The platforms that...matform?

In the comments to Henkel's post on Konrath's blog, someone took him to task rather sternly for not having "a platform." By which they did not mean a structure made of wood that people could stand on, but rather an Internet presence that was not strictly about marketing his books. Yes, said the person, you are on Twitter, but your posts are all just "Buy my crap!" and that's not enough for people! You've got to open up and reveal yourself!

I don't know about that--isn't it enough for Henkel to, you know, write stories? I mean, I obviously think Konrath is doing a real public service with his blog, but he's on a mission--he started the blog because he felt that authors needed help figuring how to make money, and he's clearly been putting in a lot of effort into that thing for many years. Not every author has that kind of fire for something that is basically a sideline to their real work--and some who do are like Barry Eisler, who has a passion for politics and therefore has a blog that he is fairly certain alienates a good portion of his potential readership.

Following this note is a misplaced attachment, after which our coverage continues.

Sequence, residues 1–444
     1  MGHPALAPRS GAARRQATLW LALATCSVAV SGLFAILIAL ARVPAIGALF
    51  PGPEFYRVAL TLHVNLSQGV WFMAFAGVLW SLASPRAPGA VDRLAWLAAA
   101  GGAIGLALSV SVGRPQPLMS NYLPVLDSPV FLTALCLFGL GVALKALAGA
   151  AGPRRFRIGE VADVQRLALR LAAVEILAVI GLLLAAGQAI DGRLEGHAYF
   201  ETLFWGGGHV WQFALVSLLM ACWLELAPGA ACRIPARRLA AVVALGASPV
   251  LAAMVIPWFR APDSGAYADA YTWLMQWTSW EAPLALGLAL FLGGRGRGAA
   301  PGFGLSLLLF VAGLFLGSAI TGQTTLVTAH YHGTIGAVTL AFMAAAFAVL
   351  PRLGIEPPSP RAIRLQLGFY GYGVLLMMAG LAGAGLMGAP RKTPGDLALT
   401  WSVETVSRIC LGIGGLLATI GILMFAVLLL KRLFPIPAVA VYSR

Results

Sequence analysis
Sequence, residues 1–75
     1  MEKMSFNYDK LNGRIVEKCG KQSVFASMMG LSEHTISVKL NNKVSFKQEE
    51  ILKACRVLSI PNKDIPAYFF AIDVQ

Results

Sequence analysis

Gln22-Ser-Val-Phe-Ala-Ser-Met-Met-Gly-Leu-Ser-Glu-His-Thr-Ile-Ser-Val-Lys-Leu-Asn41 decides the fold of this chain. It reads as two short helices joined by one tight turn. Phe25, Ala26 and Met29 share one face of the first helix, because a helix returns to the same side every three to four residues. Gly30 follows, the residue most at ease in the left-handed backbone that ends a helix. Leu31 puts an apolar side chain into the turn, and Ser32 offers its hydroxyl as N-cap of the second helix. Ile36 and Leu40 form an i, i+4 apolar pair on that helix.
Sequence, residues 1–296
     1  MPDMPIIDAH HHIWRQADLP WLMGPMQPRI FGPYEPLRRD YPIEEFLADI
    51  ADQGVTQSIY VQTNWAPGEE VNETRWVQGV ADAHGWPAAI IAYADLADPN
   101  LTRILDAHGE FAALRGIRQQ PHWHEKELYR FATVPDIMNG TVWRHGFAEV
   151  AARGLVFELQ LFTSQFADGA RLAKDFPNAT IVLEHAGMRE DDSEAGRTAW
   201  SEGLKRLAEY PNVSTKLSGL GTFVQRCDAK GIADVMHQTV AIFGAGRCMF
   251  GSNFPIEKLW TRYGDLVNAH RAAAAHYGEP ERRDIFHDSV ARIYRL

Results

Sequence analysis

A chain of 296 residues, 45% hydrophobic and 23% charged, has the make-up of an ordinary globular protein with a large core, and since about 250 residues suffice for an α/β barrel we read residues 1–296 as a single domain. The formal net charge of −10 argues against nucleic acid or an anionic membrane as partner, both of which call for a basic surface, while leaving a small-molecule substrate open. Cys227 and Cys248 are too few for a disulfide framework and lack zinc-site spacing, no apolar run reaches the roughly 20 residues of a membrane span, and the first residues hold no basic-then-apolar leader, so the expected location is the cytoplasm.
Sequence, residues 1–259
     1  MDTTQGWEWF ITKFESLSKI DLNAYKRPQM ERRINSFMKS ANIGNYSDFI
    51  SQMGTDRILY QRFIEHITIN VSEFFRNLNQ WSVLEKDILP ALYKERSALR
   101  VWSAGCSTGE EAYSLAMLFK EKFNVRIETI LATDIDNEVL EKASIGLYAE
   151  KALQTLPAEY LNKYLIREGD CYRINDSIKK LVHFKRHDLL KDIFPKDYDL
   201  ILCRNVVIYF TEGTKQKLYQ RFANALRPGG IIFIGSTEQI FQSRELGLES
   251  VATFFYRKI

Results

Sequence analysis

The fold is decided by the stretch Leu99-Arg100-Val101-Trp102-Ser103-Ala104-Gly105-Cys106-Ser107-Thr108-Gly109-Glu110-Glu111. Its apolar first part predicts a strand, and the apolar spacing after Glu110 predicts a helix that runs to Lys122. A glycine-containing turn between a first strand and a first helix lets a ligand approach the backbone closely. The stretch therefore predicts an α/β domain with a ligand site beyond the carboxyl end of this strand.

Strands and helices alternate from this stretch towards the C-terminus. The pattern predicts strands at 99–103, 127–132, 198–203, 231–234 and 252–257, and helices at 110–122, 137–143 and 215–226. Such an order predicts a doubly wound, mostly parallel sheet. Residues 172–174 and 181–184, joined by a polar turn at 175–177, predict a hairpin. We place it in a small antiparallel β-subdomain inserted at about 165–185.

I'm also quite leery of the whole "you've got to reveal yourself" thing. I agree that that can be compelling, but honestly, do I want readers to like my writing or to like me? Being in my line of work, quite a number of my friends have been published, and of course I support them in that, but far more often I know nothing about a given writer when I read their work, and that's fine with me. I'll judge them on their writing, thank you very much.

The more crucial issue that I think often gets ignored in these debates is the one of stalkers: Writers of any renown get them, and I've had my share already just by virtue of being female, reasonably attractive, and generally civil. So, you know, I'm not going to open up here about things that aren't related to writing, or post where I live (along with pictures of my house, like I've seen some young female bloggers do--what are they thinking?), or anything like that.

All of which is basically of a long way of saying, I'm still on hiatus. Spring is a busy time....